Armstrong Confesses To Doping During Cycling Career In an interview with Oprah Winfrey, Lance Armstrong said he blood doped or used banned substances in all of his seven Tour de France victories. He also said he didn't believe it was possible to win seven titles without using drugs "in that culture."

Armstrong Confesses To Doping During Cycling Career

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This is MORNING EDITION, from NPR News. I'm Renee Montagne.


And I'm David Greene, good morning. It was one of the most dramatic about-faces ever, by a public figure. Last night, in a televised interview with Oprah Winfrey, Lance Armstrong confessed to using banned performance-enhancing drugs throughout his bicycle racing career. That included seven straight Tour De France victories, though Armstrong was stripped of those titles late last year.

His admission follows more than a decade of often-angry denials. And while the interview with Winfrey was billed as no-holds-barred, that wasn't quite the case, as NPR's Tom Goldman reports.

TOM GOLDMAN, BYLINE: We knew what was coming on Monday. That's when Armstrong and Winfrey taped the two and a half-hour interview, and when leaks about a confession killed some of the buzz leading up to last night. But still, after all the angry no's, it was startling, finally to hear Lance Armstrong say "yes" so many times.


GOLDMAN: Armstrong described how he and teammates doped with the attitude that what they were doing was as essential as putting air in their bike tires, or filling their water bottles. They didn't think it was wrong, he said. They didn't think it was cheating. It was what was needed to win; an attitude Armstrong said he embraced in a new way, after his well-publicized and successful battle with testicular cancer.


GOLDMAN: One of those targeted by that ruthlessness was Betsy Andreu. She's the wife of former Armstrong teammate Frankie Andreu. Armstrong waged a public and bitter personal battle with Andreu after she and her husband testified under oath, in the mid-2000s, that they had heard Armstrong confess in a hospital room, while being treated for cancer in 1996, that he had used banned drugs. Last night, as Betsy Andreu watched the interview, her hopes initially were high.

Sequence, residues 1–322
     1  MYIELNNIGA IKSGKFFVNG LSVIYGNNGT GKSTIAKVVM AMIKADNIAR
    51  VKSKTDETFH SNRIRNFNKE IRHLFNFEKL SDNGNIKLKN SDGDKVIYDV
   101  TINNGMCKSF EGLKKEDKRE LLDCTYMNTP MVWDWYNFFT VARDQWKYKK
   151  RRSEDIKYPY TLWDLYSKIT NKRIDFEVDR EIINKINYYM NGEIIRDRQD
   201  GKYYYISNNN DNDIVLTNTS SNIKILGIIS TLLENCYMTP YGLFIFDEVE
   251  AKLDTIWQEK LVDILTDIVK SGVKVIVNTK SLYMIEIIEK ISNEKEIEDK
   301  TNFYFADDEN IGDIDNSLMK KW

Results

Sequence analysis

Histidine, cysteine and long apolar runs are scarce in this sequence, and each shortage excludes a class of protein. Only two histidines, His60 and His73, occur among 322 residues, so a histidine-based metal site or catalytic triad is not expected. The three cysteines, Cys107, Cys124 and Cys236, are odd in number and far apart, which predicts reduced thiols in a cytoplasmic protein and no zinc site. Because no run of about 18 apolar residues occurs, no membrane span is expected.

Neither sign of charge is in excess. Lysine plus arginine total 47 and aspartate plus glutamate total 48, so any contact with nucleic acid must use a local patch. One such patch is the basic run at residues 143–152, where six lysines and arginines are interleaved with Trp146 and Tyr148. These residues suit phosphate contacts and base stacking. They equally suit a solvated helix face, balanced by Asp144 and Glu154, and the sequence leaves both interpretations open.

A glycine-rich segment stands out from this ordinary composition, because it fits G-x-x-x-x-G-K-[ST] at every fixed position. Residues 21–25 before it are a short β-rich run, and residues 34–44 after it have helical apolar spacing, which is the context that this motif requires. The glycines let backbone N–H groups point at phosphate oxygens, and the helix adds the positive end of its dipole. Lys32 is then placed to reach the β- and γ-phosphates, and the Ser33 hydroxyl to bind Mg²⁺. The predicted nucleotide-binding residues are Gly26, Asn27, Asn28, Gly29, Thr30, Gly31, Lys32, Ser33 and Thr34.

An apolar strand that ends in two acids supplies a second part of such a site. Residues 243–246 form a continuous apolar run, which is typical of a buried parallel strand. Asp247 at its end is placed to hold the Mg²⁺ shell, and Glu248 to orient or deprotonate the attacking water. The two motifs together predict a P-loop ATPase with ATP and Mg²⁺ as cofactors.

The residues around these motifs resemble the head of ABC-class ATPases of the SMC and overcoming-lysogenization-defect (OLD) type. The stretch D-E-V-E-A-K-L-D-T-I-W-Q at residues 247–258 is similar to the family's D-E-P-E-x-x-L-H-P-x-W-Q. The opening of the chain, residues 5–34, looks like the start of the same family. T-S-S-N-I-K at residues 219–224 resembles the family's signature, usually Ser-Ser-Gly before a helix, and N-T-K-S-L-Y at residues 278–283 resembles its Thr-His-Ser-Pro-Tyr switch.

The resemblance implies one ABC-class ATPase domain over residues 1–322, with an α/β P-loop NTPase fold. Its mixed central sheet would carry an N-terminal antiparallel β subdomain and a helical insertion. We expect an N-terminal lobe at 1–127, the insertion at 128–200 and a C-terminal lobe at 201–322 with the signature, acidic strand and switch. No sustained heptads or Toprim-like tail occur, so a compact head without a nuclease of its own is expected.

BETSY ANDREU: He's stepping up to the plate. You know, this is huge. It's monumental. And then, it was oh, my gosh. I think he's lying here. I think he's lying there. I think he's skirting this issue. I think he's being disingenuous.

GOLDMAN: Armstrong declined to talk about the 1996 hospital room confession. He also disputed some of the findings in October's massive U.S. Anti-Doping Agency report that hastened his downfall - findings that named Armstrong as the leader of an extensive doping enterprise.In a statement, USADA said if Armstrong is sincere in his desire to correct his past mistakes, he will testify under oath about the full extent of his doping activities.

Watching from Cambridge, England, journalist David Walsh noted Armstrong's omissions and lack of detail. But something Armstrong did say was the highlight for Walsh, whose three books on Armstrong have driven the doping narrative for almost a decade. Walsh called it hugely important for cycling that Armstrong admitted in the interview that he had a positive drug test in 1999, that was covered up by a backdated prescription written after the test result.

DAVID WALSH: That backdated prescription was accepted by the authorities, who would've known it was backdated. In other words, there was a positive test that Armstrong admits was positive, in the '99 tour; and UCI covered up for him.

GOLDMAN: When reached by NPR this morning, a spokesman for the UCI - cycling's governing body - declined to comment.

While some sifted through Armstrong's comments, Turk Pipkin watched merely with a sense of curiosity. Pipkin is a filmmaker in Armstrong's hometown of Austin, Texas. He's married to a two-time cancer survivor. He says Armstrong's story has been a source of inspiration. I ask him if it's less of one now.

TURK PIPKIN: You know, I think the inspiration part of Lance - but the personal part's been slipping for a long time.

GOLDMAN: But Pipkin says Armstrong has done genuine good for the cancer community, and Pipkin hopes Armstrong talks about that in tonight's Part 2 with Oprah.

Tom Goldman, NPR News.

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